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Monday, April 30, 2007

India: Interview with Kilgour and Matas

The two Davids are tirelessly pursuing their mission hoping to gain some support from the international community to stop the organ harvesting genocide against Falun Gong in China. The response has been good but the challenge must be phenomenal. India should stop arming Burmese military junta

(Interview with Former Canadian Secretary of State David Kilgour and Canadian refugee, immigration and human Rights lawyer David Matas.)

Compiled by Mungpi
Mizzima News (


April 29, 2007- Former Canadian Secretary of State for Asia-Pacific (2002-2003), Hon. David Kilgour, and Canadian refugee, immigration and human Rights lawyer David Matas, who is also a member of the Canadian Bar Association, visited India to raise the issue of the Chinese government's continued executions on the Falun Gong Practitioners for their organs.

The two dignitaries had widely traveled across the world covering more than 30 countries to put a stop to the ongoing dreadful practice of the Chinese government to Falun Gong Practitioners.

During their trip to India, the two dignitaries, who are also prominent supporters of democratic changes in Burma, met a number of Indian leaders and raised the issue of India's relationship with Burma.

Kilgour said India being the largest democratic country in the world and an immediate neighbour of Burma, should concern itself at the deteriorating political scenario in Burma. He said, India, in view of its long term interest, should stop arming the Burmese junta but take a stronger and tougher stand in support of democratic changes in Burma.

During their few days stay in New Delhi, they met Burmese reporters including Mizzima's Assistant Editor Mungpi, and talked about their views on India's stand towards Burma.

What has brought you to India?

Kilgour: David Matas and I filed a report and we have now done a revised report on the terrible practice of taking organs from Falun Gong Practitioners in China.

By our best estimate, about 41,500 transplants, that is kidneys, livers and so on, that were done over five years of persecution of Falun Gong, cannot be explained by executed criminals, the brain-dead, accident victims or by donated organs. So, we are not saying that these 41,000 Falun Gong practitioners have been killed for their organs, because you can take more than one organ from a person, but many thousands of Falun Gong Practitioners have been treated in what we call a new form of inhumanity against human kind and crime against humanity.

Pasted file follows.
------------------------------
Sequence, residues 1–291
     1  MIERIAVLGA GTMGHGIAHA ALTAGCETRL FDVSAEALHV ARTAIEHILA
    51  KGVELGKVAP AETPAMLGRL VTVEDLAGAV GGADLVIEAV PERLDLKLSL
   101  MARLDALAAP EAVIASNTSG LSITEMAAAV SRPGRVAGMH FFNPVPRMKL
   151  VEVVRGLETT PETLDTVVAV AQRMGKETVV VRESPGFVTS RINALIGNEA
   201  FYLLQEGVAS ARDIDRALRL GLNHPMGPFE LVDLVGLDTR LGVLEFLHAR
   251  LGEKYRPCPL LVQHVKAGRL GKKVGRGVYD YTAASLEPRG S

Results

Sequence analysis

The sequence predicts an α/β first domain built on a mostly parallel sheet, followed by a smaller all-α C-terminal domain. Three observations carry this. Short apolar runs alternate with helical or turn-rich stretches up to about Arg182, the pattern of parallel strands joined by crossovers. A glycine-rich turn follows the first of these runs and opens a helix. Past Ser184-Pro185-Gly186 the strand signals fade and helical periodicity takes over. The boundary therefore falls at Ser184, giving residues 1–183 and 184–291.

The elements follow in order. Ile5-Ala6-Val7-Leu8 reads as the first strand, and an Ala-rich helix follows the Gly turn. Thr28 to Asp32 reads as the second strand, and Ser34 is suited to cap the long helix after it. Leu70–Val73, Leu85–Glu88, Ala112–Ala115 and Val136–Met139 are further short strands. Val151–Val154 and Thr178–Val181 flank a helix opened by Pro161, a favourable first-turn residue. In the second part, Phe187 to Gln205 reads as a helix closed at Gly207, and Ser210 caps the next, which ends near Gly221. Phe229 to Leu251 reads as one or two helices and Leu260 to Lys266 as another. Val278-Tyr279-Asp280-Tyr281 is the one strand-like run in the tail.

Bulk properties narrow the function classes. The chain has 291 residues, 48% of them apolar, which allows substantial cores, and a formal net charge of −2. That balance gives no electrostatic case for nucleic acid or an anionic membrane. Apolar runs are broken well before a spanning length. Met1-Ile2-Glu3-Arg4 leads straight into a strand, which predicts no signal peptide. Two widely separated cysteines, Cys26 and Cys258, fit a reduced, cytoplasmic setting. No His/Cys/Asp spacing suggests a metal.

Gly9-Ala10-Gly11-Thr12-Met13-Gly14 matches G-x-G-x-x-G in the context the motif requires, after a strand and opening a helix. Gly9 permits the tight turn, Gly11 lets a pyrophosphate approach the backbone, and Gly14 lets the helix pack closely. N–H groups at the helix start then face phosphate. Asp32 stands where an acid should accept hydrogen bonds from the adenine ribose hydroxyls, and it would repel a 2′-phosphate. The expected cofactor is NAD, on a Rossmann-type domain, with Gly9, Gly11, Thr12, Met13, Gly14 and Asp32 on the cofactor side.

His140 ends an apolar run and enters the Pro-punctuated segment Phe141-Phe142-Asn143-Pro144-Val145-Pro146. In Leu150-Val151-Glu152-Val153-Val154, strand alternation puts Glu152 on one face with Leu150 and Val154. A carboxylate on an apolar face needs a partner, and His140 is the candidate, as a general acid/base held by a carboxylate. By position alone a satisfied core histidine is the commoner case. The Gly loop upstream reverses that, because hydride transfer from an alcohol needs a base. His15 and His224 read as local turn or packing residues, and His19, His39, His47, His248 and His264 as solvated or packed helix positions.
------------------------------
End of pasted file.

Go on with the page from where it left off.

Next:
And the reason we have travelled to India is, we are trying to get the government of China to stop doing this, to stop doing it now. Not just before the Olympic Games. We know they are going to stop before the games, but they have got to stop it now because people are dying, probably, every day.

And what people don't understand is, if you are a criminal and you said you committed a murder or something or people say I need a kidney or I am going to die, so I will go and get a kidney from an executed murderer, but for one thing, I think there are sixty eight offences that you can get capital punishment in China. So, we think that people in India or any where know that many of the people that are being killed for their organs are Falun Gong Practitioners, who are never been before a court, they have never been convicted of anything, they are simply sent to a work camp, where they work as forced labour, making part of exports, by the way. They are tested medically every three months to see how their organs are and then some body comes from New Delhi or Ottawa or Winnipeg, and there is a computer match and the computer match says that Ms. so and so in the camp over here got a match-able organ and then she dies, she is killed medically with out conviction of nothing, and she dies and her organs are taken and this terrible practice continues. I don't think any other nation on earth has ever done it, but it is simply unimaginable this could be happening in the twenty first century.

Mattas: Well, I mean your question is right over here and what we are trying to do here is what we have been doing in different countries around the world. We have been, the two of us, to over thirty countries now and what we are trying to do is mobilize concern, trying to get the practice to stop by trying to create awareness among people of the practice. We are meeting with media, with academics, with parliamentarians, with civil servants, with medical professionals, and we are trying to get all these various sectors and civil societies engaged in raising the issue. (more)

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